Four legal practitioners elevated to Senior Counsel

From left are senior counsel K A. Juman-Yassin and Josephine Whitehead, President David Granger and senior counsel Andrew Pollard and Fitz Peters. (Ministry of the Presidency photo)

President David Granger yesterday presented four long-serving legal practitioners with their instruments of commission, elevating them to Senior Counsel, a release from the Ministry of the Presidency said.

Kalam Azad Juman-Yassin, Fitz Le Roy Peters, Andrew Mark Fitzgerald Pollard and Josephine Whitehead were officially appointed at a ceremony held in the Baridi Benab at State House. The elevations were announced on December 30 last year.

The Head of State, in his remarks, said “I congratulate the attorneys-at-law who, today, have received instruments of commission appointing them as Senior Counsel – a status of pride and prestige within our legal profession and tradition. The title is: a national symbol, alongside other symbols – national honours and awards, anthem, coat of arms, flag and motto – that define our Guyanese identity; a professional symbol that distinguishes attorneys of erudition, experience, eminence and excellence; a social symbol representing the values of duty and integrity and the standards of social responsibility and respect for the law”.

A lunch was held in honour of the new senior counsel at the Baridi Benab, State House. (Ministry of the Presidency photo)

Noting that the award of Senior Counsel recognises those whose service in the legal profession has shown these values and standards, the President said that the ceremony constitutes, as President of Guyana, an important personal obligation, the release said.

“I am a trustee of the traditions which sustain society. I am duty-bound to recognise those who have served with distinction. It is my obligation, not an option, to respect our national system of honours. Failure to confer these awards, whether the result of caprice or malice, would constitute a dereliction of duty and disdain for an honoured tradition…It can encourage juniors in the profession to strive for the highest standards. I shall, with regularity, respect, recognize and reward deserving attorneys and legal officers by conferring these honours.  This is the custom of our people.  This is the convention of good government. This is the culture of a good society,” the Head of State said.

In January 2017, after a 20-year hiatus, the President elevated nine persons to the status of Senior Counsel and has since pledged to ensure that these honours are conferred annually. Among those who were officially appointed then were the first three women to ever be elevated to that status: Justice Roxane George-Wiltshire, Justice Claudette Singh and Rosalie Robertson. Attorney General,  Basil Williams, Neil Aubrey Boston, Charles Fung-A-Fat, Clifton Llewelyn John, Rafiq Khan and Vidyanand Persaud were the other legal practitioners to receive the honour.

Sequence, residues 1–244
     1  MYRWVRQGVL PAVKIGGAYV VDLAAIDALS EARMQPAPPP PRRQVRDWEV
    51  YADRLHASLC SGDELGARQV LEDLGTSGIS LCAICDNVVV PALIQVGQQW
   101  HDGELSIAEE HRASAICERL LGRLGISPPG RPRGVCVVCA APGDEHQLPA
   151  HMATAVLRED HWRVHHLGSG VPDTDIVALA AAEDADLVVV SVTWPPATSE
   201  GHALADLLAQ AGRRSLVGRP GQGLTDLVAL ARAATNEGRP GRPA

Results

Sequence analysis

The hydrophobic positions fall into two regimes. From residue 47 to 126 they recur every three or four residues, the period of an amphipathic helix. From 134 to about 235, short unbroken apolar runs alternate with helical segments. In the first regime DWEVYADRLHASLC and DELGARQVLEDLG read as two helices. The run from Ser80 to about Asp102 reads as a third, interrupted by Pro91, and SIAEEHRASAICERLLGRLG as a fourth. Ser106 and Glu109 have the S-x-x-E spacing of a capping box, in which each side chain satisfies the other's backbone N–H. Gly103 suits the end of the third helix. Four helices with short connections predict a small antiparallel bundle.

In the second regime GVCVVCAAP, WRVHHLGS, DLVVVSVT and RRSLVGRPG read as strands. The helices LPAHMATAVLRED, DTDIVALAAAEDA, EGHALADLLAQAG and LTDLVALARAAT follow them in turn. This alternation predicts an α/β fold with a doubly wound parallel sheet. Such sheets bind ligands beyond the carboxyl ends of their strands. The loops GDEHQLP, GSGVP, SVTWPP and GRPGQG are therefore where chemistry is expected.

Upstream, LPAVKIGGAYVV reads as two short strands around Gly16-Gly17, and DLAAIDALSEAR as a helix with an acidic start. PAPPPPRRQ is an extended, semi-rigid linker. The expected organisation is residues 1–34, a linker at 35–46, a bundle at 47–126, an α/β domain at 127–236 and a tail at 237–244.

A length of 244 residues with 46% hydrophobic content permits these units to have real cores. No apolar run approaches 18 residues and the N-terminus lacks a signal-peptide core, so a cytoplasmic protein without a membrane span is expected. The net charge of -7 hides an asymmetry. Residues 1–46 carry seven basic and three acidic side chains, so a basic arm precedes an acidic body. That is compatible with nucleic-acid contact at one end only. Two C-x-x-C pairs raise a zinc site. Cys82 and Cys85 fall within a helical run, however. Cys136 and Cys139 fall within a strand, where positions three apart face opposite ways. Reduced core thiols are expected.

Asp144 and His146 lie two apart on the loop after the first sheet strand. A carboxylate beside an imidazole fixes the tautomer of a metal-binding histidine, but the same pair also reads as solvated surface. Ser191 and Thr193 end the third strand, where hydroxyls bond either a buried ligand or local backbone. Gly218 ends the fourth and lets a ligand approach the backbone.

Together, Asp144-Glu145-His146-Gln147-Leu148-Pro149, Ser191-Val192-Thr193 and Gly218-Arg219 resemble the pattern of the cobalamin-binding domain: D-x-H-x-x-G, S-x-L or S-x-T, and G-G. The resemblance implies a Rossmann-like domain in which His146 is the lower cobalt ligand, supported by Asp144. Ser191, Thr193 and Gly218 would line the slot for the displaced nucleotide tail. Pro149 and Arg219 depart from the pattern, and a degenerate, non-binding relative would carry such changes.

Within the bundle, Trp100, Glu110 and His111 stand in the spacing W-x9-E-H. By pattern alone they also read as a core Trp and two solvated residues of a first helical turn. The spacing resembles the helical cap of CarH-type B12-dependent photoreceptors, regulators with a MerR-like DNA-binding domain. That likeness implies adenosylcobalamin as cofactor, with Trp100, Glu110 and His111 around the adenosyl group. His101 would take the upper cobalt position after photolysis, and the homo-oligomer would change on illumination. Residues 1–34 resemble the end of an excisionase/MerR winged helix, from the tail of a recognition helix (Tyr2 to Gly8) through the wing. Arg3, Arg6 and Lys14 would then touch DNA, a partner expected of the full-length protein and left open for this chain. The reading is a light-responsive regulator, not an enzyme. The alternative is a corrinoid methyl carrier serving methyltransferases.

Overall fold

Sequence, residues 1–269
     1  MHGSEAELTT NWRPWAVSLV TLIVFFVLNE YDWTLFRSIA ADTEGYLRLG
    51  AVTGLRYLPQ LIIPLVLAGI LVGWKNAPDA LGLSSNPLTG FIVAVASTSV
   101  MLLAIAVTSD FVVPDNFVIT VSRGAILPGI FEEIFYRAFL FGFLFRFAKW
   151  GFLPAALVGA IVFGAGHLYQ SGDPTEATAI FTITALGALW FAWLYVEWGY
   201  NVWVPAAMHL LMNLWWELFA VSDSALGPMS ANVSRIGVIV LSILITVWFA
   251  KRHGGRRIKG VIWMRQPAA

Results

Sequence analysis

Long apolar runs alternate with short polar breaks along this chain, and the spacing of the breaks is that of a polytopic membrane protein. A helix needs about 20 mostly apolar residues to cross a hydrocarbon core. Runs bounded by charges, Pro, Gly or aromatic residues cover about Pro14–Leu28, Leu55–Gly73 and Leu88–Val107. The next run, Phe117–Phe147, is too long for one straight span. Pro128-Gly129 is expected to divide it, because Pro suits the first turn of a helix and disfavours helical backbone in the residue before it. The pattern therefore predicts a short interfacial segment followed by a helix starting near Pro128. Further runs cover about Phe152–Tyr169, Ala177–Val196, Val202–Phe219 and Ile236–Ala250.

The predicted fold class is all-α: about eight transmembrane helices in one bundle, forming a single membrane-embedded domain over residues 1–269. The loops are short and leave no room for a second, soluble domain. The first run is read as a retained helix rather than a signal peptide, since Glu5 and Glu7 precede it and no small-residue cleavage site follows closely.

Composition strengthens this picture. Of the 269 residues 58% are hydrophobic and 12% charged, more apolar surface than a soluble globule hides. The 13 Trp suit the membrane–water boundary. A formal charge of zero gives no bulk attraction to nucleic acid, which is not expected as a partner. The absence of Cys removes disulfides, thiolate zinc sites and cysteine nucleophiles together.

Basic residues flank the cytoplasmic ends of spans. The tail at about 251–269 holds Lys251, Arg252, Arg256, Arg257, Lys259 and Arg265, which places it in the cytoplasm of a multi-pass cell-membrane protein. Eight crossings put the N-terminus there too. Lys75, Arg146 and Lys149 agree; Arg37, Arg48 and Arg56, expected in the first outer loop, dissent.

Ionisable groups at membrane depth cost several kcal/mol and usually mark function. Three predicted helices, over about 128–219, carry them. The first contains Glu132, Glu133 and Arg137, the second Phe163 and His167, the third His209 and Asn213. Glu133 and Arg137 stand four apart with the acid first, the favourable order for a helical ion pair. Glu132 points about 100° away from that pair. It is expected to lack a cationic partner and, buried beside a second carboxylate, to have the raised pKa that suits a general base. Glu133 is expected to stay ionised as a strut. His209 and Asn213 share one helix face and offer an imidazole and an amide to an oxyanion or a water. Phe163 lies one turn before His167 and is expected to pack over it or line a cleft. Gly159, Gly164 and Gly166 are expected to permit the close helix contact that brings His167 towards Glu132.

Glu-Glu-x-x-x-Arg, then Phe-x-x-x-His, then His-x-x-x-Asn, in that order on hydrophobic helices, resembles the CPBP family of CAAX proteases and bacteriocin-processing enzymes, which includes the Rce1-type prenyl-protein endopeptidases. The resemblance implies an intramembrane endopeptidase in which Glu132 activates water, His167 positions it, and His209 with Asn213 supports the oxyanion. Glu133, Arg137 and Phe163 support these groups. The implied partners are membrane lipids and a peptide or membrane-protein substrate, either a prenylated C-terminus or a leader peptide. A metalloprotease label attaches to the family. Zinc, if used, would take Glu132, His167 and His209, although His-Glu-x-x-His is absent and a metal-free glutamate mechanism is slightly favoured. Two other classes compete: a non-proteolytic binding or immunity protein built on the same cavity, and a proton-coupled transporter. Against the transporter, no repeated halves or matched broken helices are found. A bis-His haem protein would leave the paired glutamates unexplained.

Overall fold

According to his CV supplied by the Ministry of the Presidency, Juman-Yassin is a member of Gray’s Inn, London and was called to the English Bar in November, 1970 and to the Guyana Bar in January 1971. Since then he has  been practising in Guyana in all Courts, both in the Civil and Criminal Divisions.

He  was appointed a Magistrate in 1992 and later appointed Chief Magistrate from which post he resigned in 1997 and returned to private practice.  He has appeared in the Caribbean Court of Justice, the Guyana Court of Appeal and Courts in Dominica and Trinidad & Tobago.

Whitehead, according to her CV, obtained her legal education at the University of Warwick, England and Lancaster Gate Law School, London. She has been an attorney in Guyana since 1979 and a Solicitor in England and Wales since 1983. From 1991 to date she has been a partner at the law firm Cameron and Shepherd. Among her key competencies are constitutional and administrative law, banking and finance, telecommunications, public utilities, commercial law and litigation.

Peters, according to his CV, gained his LL.B from the University of the West Indies in 1979 and his Legal Education Certificate in 1981. He served as State Counsel between 1981 – 1985, Senior Legal Adviser 1985 – 1986, Principal Legal Adviser 1986-1987 and Deputy Solicitor-General 1988 to 1998. While at the Attorney General’s Chambers his duties included advising government ministries and departments.  He has been in private practice at McKay and Moore since 1998.

Pollard’s CV states that he obtained his LL.B at UWI, Cavehill and Legal Education Certificate from the Norman Manley Law School.  He was admitted to practice in 1987 and has been employed with Hughes, Fields and Stoby. He has had significant legal undertakings in mergers and acquisitions and mining/oil and gas. In the latter category he lists work pertaining to ExxonMobil, Canacol Energy Limited, CGX Resources Inc, Pacific Rubiales Energy, Anadarko Petroleum and Tullow Oil Plc.

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